Better Call Saul Review – “Marco” S1E10

Better Call Saul wrapped up its amazing first season with “Marco,” an episode packed with details, comedy, and Easter Eggs from its parent show.


The Bingo calling scene: We finally get an explanation of a Chicago Sunroof! And so does the retirement home in Albuquerque. Which just added to the pure comedy gold of this scene. It was far and way my favorite scene of the episode. Jimmy’s “lawyer” reasoning of why Chet, the guy with the BMW, was in the wrong for Jimmy defecating in his car was pure genius; it was a real show of how Jimmy can talk his way out of anything and part of why he is so likable. I also loved how all the “B” balls being called was what brought Jimmy to his breaking point to even tell the story in the first place. Not to mention, this scene had some of the best dialogue including:

  • “None of us is leaving this God forsaken wasteland.”
  • “I mean look out that window. It’s like a soulless, radioactive Georgia O’Keefe hell scape out there crawling with coral snakes and scorpions. You ever see the movie The Hills Have Eyes? It’s a documentary.”
  • “Guy wanted some soft serve; I gave him some soft serve.”
  • “But that is what a Chicago Sunroof is and now you know!”
  • “One little Chicago Sunroof and suddenly I’m Charles Manson?! That’s when it went off the rails. I’ve been paying for it ever since. That’s why I’m here!”
  • “Kitty cat notebooks for everybody!”

The explanation of why Jimmy came to ABQ: The entire cold open was pretty brilliant. The short scene with Jimmy fresh out of jail and going to tell Marco he is leaving was a good way to let us know that it was the jail stint for the Chicago Sunroof that sent him to Albuquerque. The exchange between Marco tells us exactly what will happen during the episode; Jimmy and Marco will pull off one last big con and Marco will spend the rest of his life on the bar stool. It mirrors the same set up of the entire series – we know how Jimmy’s life will end up because we have already been told. In this case, it is the journey that is more important.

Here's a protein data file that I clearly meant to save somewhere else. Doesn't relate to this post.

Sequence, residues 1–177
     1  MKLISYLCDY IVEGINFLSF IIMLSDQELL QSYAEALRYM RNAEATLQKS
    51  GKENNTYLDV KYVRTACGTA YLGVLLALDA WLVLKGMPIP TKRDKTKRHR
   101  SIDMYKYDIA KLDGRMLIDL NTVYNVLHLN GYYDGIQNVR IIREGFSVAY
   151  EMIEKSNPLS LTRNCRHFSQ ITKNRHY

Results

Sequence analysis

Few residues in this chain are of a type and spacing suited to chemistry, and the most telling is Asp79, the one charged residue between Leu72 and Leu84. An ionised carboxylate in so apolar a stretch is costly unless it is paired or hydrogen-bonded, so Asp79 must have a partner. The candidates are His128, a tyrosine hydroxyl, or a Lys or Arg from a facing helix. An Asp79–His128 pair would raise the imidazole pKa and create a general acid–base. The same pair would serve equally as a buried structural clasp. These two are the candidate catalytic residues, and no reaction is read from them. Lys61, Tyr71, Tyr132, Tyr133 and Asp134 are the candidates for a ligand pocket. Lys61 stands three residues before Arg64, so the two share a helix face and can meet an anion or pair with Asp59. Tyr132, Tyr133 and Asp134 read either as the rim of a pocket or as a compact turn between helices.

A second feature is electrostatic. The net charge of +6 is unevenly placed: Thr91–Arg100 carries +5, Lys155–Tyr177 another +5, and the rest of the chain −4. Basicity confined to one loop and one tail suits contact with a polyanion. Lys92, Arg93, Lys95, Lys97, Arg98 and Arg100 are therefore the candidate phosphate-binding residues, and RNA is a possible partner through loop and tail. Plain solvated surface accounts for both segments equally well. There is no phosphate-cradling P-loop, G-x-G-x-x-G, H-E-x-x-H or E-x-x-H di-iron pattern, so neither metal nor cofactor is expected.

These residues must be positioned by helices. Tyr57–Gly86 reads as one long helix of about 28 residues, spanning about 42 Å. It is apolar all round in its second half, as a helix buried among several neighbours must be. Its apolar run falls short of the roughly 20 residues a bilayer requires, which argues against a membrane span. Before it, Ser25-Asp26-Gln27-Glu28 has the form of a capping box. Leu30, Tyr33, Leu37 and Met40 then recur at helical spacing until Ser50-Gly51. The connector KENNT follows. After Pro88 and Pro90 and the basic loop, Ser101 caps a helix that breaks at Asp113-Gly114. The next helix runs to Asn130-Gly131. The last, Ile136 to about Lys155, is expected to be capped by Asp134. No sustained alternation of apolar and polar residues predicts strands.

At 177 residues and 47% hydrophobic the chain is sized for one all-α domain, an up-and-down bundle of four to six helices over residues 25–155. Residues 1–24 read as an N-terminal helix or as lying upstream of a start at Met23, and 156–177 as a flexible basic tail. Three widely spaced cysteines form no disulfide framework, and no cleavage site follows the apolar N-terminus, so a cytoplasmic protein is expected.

All the showing: Knowing why Jimmy chose to not take the deal with Davis and Mane is not directly said to us. And I love that. There is a lot of story telling going on in this episode. Jimmy may be a “criminal” with Marco, pulling cons on people, but Marco gives Jimmy a feeling of self-worth. He may be a criminal, but he is a great one. In Albuquerque, he feels tries to be a lawyer, even doing the right thing, but he is always in the shadow of Chuck, who does nothing but put down Jimmy’s self worth. None of this is done with looking at the camera and telling us what is happening. It is done with carefully written dialogue and progression.

Better Call Saul - "Marco"

Howard is the good guy: I had a sneaking suspicion all along that Howard wasn’t the bad guy in the situation. If we are going with the color theory, the man only wears blue, indication that he isn’t all bad. Plus, Jimmy apologized for the whole pig-fucker thing, so that was worth the scene alone. But in addition, Howard seems to give Jimmy some validation for all the work he has done for Chuck the last year when he sees the shopping list.